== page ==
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How to color with colored pencils
Some colored pencils can lack life and color which is a common complaint among artists. Whether you are looking to liven up your drawings, or hoping to gain some tips on utilizing colored pencils, we have the basic beginners guide you’re looking for. This simple colored pencil guide will help to improve your skills, answer some questions and provide new techniques. Find your favorite coloring page, ensure your pencils are sharpened, and get ready to see how this guide works for you.
Pay Attention to Quality
It’s difficult to compare one brand of colored pencil to another – colored pencils aren’t created the same. Pigments are what create the rich hues we appreciate throughout artwork, and they vary greatly from cheap pencils to more expensive options. For example, cheap colored pencils have high levels of hard wax in the lead, and less pigment – which tends to break easily.
Faber Castell or Staedtler both offer mid-range pencils with a soft application. A soft lead enables artists to get more color onto paper, producing more vibrant art. The chance of white flecks showing through on the paper is reduced overall, while the softer pencil lead provides better blending and shading.
Colored pencils best brand
Derwent or Prismacolor brand pencils are typically the best quality, and that typically comes at a price. More expensive brands use soft wax in their pencil leads, with higher concentrations of pigment for bright colors. Soft wax leads enable artists to shade and blend with a higher degree of accuracy, however some brands use oil based leads, such as Faber Castell’s Polychromos. Because the pencils are soft, they work well to cover each fiber found within paper.
Beginners don’t have to fork out significant amounts of money for their colored pencil set. Staedtler and Faber Castell pencils produce good results, when compared to bargain brands, with bold colors capable of blending and shading. With the proper techniques you can create top notch pieces of colored artwork using even lower end and modest tools.
Tips for coloring with colored pencils
Since we have gone over which pencils are best for coloring, it’s time to move onto our tips and trips. Everyone who picks up a colored pencil to draw should at least know these colored pencil techniques, or look into them before getting started.
One Sheet of Paper
Utilizing a stack of paper to color on is a common habit – some prefer two or three sheets underneath. However, this practice makes it difficult to color properly, and doesn’t provide a smooth surface. Because the soft tip of a colored pencil will emphasize every dent, divot, or grain texture. It’s best to place your paper on a hard, smooth surface, rather than a stack of paper.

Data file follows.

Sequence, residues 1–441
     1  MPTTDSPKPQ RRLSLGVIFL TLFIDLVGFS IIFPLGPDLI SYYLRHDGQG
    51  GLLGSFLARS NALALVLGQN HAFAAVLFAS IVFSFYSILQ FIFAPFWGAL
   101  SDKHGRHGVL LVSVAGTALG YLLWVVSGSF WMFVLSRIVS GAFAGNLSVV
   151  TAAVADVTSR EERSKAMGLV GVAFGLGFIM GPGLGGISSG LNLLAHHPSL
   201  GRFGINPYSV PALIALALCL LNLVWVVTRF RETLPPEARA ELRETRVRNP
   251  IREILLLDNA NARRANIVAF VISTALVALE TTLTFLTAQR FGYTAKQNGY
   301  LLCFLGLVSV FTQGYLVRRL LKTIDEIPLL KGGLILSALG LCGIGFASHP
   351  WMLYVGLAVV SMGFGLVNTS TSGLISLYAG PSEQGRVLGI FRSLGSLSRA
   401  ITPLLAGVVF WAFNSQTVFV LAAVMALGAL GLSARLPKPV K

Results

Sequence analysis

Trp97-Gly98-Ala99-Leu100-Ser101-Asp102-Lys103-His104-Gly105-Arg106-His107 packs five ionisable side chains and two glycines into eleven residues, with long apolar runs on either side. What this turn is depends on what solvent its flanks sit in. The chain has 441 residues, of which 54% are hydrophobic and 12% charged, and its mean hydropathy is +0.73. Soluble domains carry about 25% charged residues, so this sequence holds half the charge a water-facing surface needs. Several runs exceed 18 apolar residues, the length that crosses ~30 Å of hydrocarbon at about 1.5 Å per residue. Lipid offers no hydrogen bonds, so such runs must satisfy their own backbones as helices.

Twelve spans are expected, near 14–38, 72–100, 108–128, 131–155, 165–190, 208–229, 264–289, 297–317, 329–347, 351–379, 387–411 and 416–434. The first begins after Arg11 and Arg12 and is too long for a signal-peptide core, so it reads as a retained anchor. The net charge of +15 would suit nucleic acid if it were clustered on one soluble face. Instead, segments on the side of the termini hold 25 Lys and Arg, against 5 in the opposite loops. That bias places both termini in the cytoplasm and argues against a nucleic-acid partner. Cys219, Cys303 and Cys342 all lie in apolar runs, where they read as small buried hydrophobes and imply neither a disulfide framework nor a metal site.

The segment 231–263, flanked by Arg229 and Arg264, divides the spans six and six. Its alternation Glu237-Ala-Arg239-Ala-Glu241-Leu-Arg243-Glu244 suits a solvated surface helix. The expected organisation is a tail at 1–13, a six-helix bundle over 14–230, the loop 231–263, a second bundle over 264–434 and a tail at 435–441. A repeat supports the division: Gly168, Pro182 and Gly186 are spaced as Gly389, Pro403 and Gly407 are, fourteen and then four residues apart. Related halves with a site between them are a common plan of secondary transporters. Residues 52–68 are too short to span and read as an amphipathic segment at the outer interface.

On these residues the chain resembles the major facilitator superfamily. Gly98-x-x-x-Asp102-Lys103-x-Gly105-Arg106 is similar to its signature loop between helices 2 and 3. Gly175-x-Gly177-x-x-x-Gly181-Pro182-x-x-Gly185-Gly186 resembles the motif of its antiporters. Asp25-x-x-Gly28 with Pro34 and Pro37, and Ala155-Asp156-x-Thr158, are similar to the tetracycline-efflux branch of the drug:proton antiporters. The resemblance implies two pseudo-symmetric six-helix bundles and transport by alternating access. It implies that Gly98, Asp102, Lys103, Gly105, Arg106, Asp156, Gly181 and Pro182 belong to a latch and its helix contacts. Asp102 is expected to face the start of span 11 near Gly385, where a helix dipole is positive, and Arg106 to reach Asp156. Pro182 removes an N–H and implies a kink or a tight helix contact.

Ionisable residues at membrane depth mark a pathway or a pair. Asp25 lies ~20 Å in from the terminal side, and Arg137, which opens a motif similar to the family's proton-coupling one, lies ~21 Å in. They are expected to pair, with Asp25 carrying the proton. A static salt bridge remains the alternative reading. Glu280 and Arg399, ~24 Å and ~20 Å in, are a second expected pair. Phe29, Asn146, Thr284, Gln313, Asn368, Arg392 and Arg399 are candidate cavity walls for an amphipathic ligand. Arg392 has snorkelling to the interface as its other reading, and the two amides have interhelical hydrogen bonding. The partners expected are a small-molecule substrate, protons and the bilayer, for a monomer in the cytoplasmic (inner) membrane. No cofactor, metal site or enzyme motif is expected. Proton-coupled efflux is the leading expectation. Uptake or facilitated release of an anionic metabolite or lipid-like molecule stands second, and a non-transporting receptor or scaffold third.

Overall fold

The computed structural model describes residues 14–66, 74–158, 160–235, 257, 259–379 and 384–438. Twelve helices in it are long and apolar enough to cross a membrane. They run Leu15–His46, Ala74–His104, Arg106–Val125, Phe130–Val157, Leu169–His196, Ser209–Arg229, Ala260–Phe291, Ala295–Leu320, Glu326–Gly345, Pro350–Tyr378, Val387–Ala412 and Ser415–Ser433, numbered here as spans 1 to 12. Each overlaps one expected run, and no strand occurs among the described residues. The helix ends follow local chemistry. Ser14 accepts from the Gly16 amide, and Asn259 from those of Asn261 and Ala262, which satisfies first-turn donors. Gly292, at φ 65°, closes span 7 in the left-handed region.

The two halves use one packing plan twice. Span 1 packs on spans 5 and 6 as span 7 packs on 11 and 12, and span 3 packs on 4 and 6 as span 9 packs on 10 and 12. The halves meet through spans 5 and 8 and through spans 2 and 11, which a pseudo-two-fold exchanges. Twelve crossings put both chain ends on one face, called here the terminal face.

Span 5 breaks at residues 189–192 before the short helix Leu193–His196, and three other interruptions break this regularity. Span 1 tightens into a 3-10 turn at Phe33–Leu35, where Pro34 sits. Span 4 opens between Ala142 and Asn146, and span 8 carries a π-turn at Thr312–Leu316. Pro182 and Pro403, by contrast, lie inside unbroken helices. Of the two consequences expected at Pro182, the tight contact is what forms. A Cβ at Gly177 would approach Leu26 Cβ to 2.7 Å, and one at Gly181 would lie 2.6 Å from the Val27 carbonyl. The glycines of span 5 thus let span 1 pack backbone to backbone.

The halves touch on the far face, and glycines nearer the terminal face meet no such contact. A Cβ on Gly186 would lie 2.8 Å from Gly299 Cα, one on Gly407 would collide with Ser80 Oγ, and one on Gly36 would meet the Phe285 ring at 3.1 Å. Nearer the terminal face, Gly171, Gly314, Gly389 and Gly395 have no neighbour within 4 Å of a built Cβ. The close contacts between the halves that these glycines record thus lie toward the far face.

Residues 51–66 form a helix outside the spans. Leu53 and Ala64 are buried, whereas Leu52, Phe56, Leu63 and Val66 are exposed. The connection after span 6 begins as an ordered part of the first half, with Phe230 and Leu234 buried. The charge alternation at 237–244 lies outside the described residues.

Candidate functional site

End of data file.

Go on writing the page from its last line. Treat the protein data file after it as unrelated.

Pencil lead needs to be sharpened on a regular basis, especially in regard of pencil quality. Maintaining needle sharp tips enables the addition of smaller details, as well as precision in intricate design areas. A thin point also provides more control over the color, while fat round ends make it difficult to include bright colors. Never use a knife to sharpen your pencils, instead, you can invest in a moderate to high quality pencil sharpener kept aside just for colored pencils.
Make sure you have the best sharpener and the right technique for sharpening.
Remember the Basics
No matter how long you have been coloring, remember to keep it simple. Colored pencil shading techniques, details, texture, and burnishing are not exactly for beginners, and you may need to focus on remaining between the lines for now. Block coloring may be an especially helpful practice, as you work on filling one area at a time completely, and evenly, before moving on. Take some time to become familiar with your own tools, such as the weight of our pencil, and then start to perfect it.
In order to produce an even color throughout your art, keeping an even level of pressure makes all the difference. For example, if you need dark coloration, you might push a bit harder on the paper with the pencil – a light pressure creates light color. However, while it is tempting to put immense pressure on your pencils, it’s not an advisable practice. You will be more likely to break pencil leads, and your art will lack a smooth finish, if you push too hard.
For brighter results, try applying a little less pressure on your pencil, and draw in a small circular motion, instead. Although it will produce a lighter color, less pressure requires layering for dark hues. Once you have become a master of staying in the lines, alongside an even shade, you can begin to attempt layering. Layering is done by going back one or two times over the same area, in order to create darker colors. One particular benefit of adding layers is filling in any white grain that was missed on the first pass. You might always add subsequent layers by coloring in different directions, for a smooth finish.Colored
This guide was created to serve as a simple rundown of improving your color techniques, and to help beginners. While it is true that investing in higher quality art supplies is a fantastic step, it’s better to begin by invest time into practicing coloring techniques first. High quality colored pencils are worth the money, but come with a hefty price tag for a reason. It’s best to remember that one of the biggest mistakes you can make is to rush your art, rather than to relax and keep regular pace. Coloring can be a peaceful hobby, and should be done in a way that isn’t stressful.
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